Mnemonic uses conventional HTTP response codes to indicate the success or failure of an API request. Codes in the
2xx range indicate success. Codes in the
4xx range indicate an error that failed given the information provided (e.g., an invalid argument provided, a required parameter was missing, etc.). Codes in the
5xx range indicate an error with Mnemonic's servers, and are generally rare.
4xx errors can be handled programmatically and include additional useful information in the response that briefly explains the problem. For example, most common
400 which indicates an invalid argument that a client provided in the request will include additional message indicating an invalid argument ex.
token_id: value required.
Errors and codes uniformly apply to all REST and gRPC endpoints.
|200 - OK||Everything worked as expected.|
|400 - Bad Request||The request was unacceptable, often due to missing a required argument.|
|401 - Unauthorized||No valid API key provides.|
|404 - Not Found||The requested resource does not exist.|
|429 - Too Many Requests||Too many requests hit the API too quickly. We recommend exponential backoff of your requests and other strategies for mitigating this error.|
|500, 502, 503, 504 - Server Errors||Something went wrong on Mnemonic's end. We recommend retrying the request.|
While integrating with Mnemonic API you might have to deal with errors at some point when making requests. Most of the errors fall into these major categories:
- Resource errors – Invalid/non-existent resource requested or a body of the request is invalid.
- Network errors – Intermittent communication problems between client and server.
- Server errors – A problem with Mnemonic's servers.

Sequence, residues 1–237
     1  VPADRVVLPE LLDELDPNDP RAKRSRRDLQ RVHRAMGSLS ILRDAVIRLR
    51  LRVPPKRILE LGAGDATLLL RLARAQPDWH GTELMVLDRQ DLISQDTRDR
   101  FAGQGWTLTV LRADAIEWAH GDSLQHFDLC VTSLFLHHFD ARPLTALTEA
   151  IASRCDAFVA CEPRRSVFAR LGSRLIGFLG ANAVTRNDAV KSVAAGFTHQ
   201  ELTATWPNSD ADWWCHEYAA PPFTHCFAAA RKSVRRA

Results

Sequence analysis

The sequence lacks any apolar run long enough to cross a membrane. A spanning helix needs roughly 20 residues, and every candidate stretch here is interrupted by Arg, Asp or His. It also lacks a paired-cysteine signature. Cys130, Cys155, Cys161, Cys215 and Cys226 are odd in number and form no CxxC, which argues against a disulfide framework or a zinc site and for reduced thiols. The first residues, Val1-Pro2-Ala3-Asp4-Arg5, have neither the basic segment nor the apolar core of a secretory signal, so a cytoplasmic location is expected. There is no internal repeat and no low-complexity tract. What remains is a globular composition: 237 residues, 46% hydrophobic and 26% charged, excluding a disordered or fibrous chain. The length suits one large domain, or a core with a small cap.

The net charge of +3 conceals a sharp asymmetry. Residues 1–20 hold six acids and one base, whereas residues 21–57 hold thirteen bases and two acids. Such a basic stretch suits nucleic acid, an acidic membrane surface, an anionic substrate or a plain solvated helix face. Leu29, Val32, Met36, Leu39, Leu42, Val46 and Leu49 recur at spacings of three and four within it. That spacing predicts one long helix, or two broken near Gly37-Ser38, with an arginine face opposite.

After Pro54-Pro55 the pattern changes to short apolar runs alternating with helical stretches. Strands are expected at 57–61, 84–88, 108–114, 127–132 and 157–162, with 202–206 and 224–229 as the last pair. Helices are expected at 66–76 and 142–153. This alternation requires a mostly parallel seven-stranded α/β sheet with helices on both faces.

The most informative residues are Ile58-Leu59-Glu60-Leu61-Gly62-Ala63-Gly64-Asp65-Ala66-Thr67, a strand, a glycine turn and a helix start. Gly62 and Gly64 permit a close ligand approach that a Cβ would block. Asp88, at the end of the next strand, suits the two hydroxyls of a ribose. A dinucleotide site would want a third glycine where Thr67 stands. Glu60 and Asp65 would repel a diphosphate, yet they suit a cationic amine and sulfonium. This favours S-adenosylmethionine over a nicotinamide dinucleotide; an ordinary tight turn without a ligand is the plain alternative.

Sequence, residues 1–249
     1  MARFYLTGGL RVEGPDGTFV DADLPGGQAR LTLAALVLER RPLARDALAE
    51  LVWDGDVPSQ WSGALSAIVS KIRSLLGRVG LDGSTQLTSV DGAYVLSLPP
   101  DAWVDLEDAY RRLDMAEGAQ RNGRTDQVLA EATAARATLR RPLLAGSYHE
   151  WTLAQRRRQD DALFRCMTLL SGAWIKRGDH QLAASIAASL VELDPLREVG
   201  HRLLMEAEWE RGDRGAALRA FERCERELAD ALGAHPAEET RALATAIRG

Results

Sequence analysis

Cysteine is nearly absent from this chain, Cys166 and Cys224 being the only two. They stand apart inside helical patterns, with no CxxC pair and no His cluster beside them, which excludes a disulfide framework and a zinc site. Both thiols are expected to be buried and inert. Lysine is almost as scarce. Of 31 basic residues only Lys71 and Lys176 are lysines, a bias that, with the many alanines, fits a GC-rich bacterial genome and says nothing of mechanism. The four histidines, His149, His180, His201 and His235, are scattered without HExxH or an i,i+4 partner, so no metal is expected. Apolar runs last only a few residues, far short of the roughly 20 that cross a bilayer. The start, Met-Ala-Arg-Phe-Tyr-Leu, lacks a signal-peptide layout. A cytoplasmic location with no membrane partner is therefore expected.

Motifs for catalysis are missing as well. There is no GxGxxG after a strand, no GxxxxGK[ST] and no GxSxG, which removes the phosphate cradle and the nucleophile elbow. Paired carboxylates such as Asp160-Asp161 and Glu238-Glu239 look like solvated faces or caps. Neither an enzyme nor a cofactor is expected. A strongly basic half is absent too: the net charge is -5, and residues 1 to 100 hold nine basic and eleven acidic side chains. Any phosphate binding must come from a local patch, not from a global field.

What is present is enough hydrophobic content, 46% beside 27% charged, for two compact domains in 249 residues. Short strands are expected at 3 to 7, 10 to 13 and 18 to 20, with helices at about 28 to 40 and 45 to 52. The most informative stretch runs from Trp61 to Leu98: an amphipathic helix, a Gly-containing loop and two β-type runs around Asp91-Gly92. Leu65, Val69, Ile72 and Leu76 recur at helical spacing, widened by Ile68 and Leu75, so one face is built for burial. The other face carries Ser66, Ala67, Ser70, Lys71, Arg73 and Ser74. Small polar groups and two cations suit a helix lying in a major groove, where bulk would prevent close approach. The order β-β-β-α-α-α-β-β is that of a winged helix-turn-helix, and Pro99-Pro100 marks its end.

Resource errors are the result of the contents of an API request being invalid or missing requested resource and return an HTTP response with a
4xx error code. For example, the API servers might return a
401 if an invalid API key was provided, or a
400 if a required parameter was missing. Clients should correct the original request, and try again.
Network errors are the result of connectivity problems between client and server and return low-level errors like socket or timeout exceptions. For example, a client might time out while trying to read from Mnemonic’s servers, or an API response might never be received because a connection terminates prematurely.
When intermittent problems occur, clients are usually left in a state where they don’t know whether or not the server received the request. Given that Mnemonic provides readonly API, the best strategy is to retry such requests with the same parameters until the client is able to receive a result from the server. When retrying requests make sure that the HTTP client that is being used to make requests supports exponential backoff, otherwise frequent retries over a short period of time may lead to another error indicating too many requests
Server errors are the result of a problem with Mnemonic's servers and return an HTTP response with a
5xx error code. These errors are the most difficult to handle and we work to make them as rare as possible—but integrations should be able to handle them when they do arise.
Clients should treat the
5xx reponse as indeterminate. The most likely time of such error occuring is during a production incident, and during such an incident remediation. We pro-actively observe such failed requests and try appropriately handle these incidents in the shortest time possible.
If a client starts observing such errors we recommend to retry after some reasonable delay.